NCN: How would you summarize for someone the impact that the Montana Native Growth Fund has made and is making on the community as a whole?
Plummer: Well, if you can imagine yourself in a dark tunnel when you can’t see anything and one person shines a light at the end, and now you can see a little, and then another light comes on and another light comes on. Eventually, the whole place is light, and you feel like you can get where you need to go and we can see each other and we can see a path forward. That’s what I feel like is happening right now. Some of our clients are improving their credit scores 100 points in a year. They’re beginning to feel like they can do things they never thought were possible. And that spirit is contagious in the community. Almost all of our incoming clients are by word of mouth. Folks are saying, “You know, hey, they helped me with this and I feel so much better now. You should go talk to them.” So we’re seeing it spread, and it’s exciting.
NCN: Can you share with us an inspiring success story of an individual client that you’ve worked with that epitomizes the impact that you’re making?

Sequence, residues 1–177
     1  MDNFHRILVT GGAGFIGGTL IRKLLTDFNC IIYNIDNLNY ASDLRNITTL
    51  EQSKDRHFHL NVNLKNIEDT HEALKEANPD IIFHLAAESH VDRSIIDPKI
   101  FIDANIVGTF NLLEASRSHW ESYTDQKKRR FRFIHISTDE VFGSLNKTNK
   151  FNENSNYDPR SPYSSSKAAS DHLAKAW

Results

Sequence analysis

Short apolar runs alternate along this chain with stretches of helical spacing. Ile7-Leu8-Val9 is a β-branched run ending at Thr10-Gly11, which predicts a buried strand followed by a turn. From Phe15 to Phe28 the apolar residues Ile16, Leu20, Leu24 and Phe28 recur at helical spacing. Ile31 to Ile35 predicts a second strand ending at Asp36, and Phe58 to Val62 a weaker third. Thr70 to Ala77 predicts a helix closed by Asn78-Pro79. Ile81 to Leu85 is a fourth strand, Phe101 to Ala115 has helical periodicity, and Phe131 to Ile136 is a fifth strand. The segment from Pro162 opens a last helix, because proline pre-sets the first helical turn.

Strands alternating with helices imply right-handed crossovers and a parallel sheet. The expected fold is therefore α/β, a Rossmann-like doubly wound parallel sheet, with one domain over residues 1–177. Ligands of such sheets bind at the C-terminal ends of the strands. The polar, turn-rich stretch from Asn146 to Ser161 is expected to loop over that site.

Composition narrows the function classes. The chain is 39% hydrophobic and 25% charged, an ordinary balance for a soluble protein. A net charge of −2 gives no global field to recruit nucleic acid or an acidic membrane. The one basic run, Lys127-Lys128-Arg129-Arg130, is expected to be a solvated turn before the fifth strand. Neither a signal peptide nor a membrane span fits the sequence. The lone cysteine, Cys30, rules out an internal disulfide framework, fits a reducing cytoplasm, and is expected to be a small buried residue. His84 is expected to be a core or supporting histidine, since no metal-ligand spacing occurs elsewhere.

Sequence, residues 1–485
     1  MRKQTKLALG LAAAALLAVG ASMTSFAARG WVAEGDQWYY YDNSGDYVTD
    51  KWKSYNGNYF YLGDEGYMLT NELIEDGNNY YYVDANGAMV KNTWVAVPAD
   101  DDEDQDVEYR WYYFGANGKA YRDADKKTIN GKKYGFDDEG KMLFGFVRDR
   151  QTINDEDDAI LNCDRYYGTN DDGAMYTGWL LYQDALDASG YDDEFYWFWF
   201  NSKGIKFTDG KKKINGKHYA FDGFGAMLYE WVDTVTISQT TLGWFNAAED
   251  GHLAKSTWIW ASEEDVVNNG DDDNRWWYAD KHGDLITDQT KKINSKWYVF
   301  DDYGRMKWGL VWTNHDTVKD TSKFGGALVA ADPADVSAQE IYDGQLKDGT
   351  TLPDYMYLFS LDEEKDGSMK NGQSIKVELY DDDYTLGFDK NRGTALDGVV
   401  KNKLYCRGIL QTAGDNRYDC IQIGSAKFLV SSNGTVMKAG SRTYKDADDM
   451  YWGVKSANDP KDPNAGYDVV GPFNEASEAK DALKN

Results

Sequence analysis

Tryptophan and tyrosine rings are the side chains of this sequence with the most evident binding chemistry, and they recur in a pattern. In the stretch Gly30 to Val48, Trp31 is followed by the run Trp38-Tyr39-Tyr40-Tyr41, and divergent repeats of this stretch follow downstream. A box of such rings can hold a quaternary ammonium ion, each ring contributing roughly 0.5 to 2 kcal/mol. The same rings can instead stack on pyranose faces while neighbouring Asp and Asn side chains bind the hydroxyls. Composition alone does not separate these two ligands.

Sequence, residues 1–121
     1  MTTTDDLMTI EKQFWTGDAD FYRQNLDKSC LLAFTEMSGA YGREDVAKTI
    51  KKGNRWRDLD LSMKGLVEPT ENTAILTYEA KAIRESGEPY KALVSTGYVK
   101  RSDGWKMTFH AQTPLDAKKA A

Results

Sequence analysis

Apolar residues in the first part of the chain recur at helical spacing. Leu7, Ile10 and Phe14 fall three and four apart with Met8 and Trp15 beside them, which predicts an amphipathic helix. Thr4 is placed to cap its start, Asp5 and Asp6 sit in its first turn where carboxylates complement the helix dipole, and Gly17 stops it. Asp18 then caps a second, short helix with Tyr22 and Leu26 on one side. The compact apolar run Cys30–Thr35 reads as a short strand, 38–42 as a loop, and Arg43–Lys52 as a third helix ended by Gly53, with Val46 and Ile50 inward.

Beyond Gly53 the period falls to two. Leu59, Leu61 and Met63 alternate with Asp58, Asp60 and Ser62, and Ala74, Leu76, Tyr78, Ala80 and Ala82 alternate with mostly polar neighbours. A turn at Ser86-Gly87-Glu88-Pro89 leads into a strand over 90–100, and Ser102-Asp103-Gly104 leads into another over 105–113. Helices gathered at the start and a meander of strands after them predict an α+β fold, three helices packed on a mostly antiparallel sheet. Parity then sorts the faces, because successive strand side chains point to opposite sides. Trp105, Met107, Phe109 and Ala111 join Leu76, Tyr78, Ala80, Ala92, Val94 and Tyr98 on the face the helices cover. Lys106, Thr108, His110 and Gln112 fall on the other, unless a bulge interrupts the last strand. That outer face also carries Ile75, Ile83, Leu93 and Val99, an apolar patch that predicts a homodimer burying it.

Plummer: I will choose one. Her name is Elisha. She was homeless. Upon graduation, she thought she could make it in the city, wanted to get out and found that was very difficult. So she came back home but was sort of couch surfing, took a job at the tribal enterprise and worked that way for a few months before she came to us. She just needed to be stabilized, so we helped her with housing counseling. Our staff is working towards becoming certified housing counselors. And she was able to find an apartment. We connected her with the Emergency Rental Assistance Program with the housing authority and then also provided her a workforce support loan to help her get stabilized with furniture and a bed and those kinds of basic things that she would need, and then she went through the same visioning process where she listed out where she wanted to be five years, 10 years from now. Most of the time our clients start using a spending tracker, they track where their money is going for about a 30-day period and then have a follow-up with us. Her growth has been exponential in those follow-up appointments. And so now she is thinking, “Maybe I could own a home here for a while. It might not be my forever, but I can do more than I thought I could ever do.” She came back home to the reservation and found the hope and success she needed because a Native CDFI was there to encourage her and pull resources together to help her grow and make an impact in our community.